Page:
Friday Fun: 2015’s Top Bike Stories So Far
Bay Area Bike-share launch in San Jose, California. Photo by Richard Masoner/Cyclelicious.

Bike share programs offer people a way to commute to work efficiently and sustainably. Photo by Richard Masoner/Cyclelicious.

Today is our annual Bike to Work Day here in Washington, D.C. For many city residents, commuting is ingrained in their daily routine. By targeting how people regularly travel to and from work, there’s a lot of potential to transform current transport patterns—cleaning up our air, improving public health, and saving us all a lot of money. For example, as Yvonne Bambrick explains (below), employers can utilize a range of strategies to nudge employees toward alternative modes of transport. Currently, cities like Mexico City and São Paulo are demonstrating how engaging the private sector can help ensure more efficient, sustainable urban mobility.

To celebrate our home city’s Bike to Work Day this year, TheCityFix is looking back at some of our favorite urban cycling articles of 2015 so far.

Six Mayors Who Bike, and Why This Is a Good Thing

Five mayors who bike

From São Paulo to Jakarta, mayors are leading their citizens into the streets and onto their bicycles. Pictured (from top left): Joko Widodo (Jakarta) and Boris Johnson (London), Fernando Haddad (São Paulo), Marcelo Ebrard (Mexico City), and Ana Botella (Madrid).

Ryan Schleeter profiles six mayors in cities worldwide who not only are actively pushing for quality pedestrian and cycling infrastructure, but also regularly jump on their own bikes to get around. These mayors—like Fernando Haddad of São Paulo and Marcelo Ebrard of Mexico City—are credited with bringing bike share systems and networks of bike lanes to millions of people.

Want a Cycling City? Design for Traffic Safety

2015 World Bicycle Forum

The 2015 World Bicycle Forum brought cycling activists and city leaders together from around the world to discuss how we can make our cities safer by design. Photo by Mariana Gil/EMBARQ Brasil.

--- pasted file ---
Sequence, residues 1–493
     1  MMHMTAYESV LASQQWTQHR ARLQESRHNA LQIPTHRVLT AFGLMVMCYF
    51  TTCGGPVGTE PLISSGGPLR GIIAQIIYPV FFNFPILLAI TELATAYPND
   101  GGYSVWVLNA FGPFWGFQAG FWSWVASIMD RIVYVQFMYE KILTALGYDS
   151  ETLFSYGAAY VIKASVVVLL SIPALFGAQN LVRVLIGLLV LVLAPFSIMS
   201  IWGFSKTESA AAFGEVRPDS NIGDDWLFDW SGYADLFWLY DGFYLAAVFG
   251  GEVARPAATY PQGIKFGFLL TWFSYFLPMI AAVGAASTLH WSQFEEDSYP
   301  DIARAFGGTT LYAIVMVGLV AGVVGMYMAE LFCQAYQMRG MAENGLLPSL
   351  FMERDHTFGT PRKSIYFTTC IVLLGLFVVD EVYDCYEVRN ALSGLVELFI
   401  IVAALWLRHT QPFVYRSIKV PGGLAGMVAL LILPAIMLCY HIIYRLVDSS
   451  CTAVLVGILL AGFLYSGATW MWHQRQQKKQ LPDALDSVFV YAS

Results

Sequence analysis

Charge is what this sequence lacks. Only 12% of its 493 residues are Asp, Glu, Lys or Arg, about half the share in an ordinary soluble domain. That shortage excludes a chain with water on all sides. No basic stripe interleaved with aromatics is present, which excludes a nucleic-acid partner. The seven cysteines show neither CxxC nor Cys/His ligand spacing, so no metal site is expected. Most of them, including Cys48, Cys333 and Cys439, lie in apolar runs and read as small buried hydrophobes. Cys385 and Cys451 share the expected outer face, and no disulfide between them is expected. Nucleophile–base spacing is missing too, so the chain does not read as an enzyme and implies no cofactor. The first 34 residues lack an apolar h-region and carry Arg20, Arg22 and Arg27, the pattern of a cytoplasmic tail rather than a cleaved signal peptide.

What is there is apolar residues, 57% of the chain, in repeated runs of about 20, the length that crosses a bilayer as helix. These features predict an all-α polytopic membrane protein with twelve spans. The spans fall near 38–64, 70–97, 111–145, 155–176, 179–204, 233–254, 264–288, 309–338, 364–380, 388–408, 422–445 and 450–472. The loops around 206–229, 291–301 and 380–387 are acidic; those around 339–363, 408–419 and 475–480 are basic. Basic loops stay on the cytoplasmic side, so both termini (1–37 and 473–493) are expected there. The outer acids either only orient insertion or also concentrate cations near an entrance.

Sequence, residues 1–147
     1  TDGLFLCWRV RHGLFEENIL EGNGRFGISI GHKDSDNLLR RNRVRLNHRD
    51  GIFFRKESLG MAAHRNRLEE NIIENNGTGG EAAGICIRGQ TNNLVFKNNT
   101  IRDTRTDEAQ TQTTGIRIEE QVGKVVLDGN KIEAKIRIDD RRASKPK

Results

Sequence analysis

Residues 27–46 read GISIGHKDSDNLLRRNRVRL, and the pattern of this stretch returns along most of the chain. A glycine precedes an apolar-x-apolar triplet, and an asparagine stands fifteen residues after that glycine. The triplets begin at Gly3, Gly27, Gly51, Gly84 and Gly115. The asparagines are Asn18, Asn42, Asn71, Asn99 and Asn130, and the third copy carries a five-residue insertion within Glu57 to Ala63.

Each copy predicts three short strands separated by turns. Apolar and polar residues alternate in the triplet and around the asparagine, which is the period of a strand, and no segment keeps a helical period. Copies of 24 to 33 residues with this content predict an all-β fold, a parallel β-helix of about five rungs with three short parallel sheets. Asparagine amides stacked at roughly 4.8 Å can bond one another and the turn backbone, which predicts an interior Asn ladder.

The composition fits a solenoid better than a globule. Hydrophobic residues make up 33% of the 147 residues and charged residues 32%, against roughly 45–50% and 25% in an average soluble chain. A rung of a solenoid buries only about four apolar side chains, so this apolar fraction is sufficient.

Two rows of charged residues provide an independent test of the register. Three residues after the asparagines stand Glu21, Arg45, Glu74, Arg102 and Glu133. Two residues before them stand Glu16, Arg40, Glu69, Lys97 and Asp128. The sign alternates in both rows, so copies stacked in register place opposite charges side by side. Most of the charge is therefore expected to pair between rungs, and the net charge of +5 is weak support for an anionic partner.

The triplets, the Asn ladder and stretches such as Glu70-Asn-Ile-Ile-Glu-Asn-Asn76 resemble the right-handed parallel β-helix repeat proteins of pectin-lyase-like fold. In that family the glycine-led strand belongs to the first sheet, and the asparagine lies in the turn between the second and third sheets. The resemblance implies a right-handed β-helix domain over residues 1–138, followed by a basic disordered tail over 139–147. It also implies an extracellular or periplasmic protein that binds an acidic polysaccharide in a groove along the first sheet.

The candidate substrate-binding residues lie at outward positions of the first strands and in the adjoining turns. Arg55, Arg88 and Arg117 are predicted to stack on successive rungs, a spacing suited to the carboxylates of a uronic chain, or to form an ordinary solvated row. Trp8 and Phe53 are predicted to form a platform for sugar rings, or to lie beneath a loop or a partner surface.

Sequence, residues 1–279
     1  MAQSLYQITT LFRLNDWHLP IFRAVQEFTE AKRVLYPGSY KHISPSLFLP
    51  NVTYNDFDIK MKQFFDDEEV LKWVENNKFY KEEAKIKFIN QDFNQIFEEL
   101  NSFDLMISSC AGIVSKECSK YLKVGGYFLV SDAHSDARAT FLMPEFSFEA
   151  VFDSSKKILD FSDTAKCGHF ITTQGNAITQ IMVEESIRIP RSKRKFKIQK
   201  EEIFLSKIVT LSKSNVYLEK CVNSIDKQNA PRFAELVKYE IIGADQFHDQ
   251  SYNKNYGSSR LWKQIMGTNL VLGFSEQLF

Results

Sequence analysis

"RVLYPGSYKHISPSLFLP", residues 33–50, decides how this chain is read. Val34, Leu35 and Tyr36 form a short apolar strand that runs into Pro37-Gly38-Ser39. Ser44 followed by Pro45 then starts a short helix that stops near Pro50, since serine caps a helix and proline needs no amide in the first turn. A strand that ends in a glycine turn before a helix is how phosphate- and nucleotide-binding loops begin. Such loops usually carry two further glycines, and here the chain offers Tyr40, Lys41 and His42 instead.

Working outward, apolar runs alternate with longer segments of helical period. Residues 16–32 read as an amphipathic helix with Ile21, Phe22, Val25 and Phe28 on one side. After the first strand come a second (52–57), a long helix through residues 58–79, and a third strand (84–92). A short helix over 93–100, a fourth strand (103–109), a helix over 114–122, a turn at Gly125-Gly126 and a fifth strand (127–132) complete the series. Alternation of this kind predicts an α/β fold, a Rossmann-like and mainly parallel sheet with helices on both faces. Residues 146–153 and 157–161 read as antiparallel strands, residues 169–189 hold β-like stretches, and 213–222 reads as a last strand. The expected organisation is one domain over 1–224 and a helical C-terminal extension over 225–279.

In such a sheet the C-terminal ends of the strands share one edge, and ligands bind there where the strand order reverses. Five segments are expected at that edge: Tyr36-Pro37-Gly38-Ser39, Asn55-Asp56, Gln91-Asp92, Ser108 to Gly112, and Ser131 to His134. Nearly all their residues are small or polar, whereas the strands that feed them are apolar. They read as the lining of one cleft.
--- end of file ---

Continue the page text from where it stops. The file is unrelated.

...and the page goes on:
It’s critical that cities are designed for safety. Fresh from the World Bicycle Forum in Medellín, Colombia, Ben Welle writes about various design tools that can be used to create a safe and accessible cycling environment. Copenhagen, Bogotá, and Mexico City all offer innovative ideas for developing cyclist-centered cities.

Your guide to urban cycling: A Q&A with author Yvonne Bambrick

The Urban Cycling Survival Guide by Yvonne Bambrick

Free community events, like this Ciclovía in Santiago, Chile, can be an effective option for encouraging more people to get on a bike. Photo by Municipalidad de Santiago/Flickr.

Yvonne Bambrick, author of The Urban Cycling Survival Guide and avid cyclist, talks about evolving perceptions of cycling, the role of community in building a cycling culture, as well as her own approach to biking in an urban context. Cities don’t just become “cycling cities” spontaneously—they require active support from both local leaders and the private sector.

Six ideas for building cycling culture from the World Bicycle Forum

World Bicycle Forum 2015

The World Bicycle Forum gave city and transport leaders the opportunity to learn from one another and discuss effective ways to strengthen cycling culture worldwide. Photo by Claudio Olivares Medina/Flickr.

The World Bicycle Forum produced a wealth of lessons for building bike culture at an international level. Dario Hidalgo highlights some of the ideas that emerged from the Forum for elevating cycling in global conversations of sustainable development.

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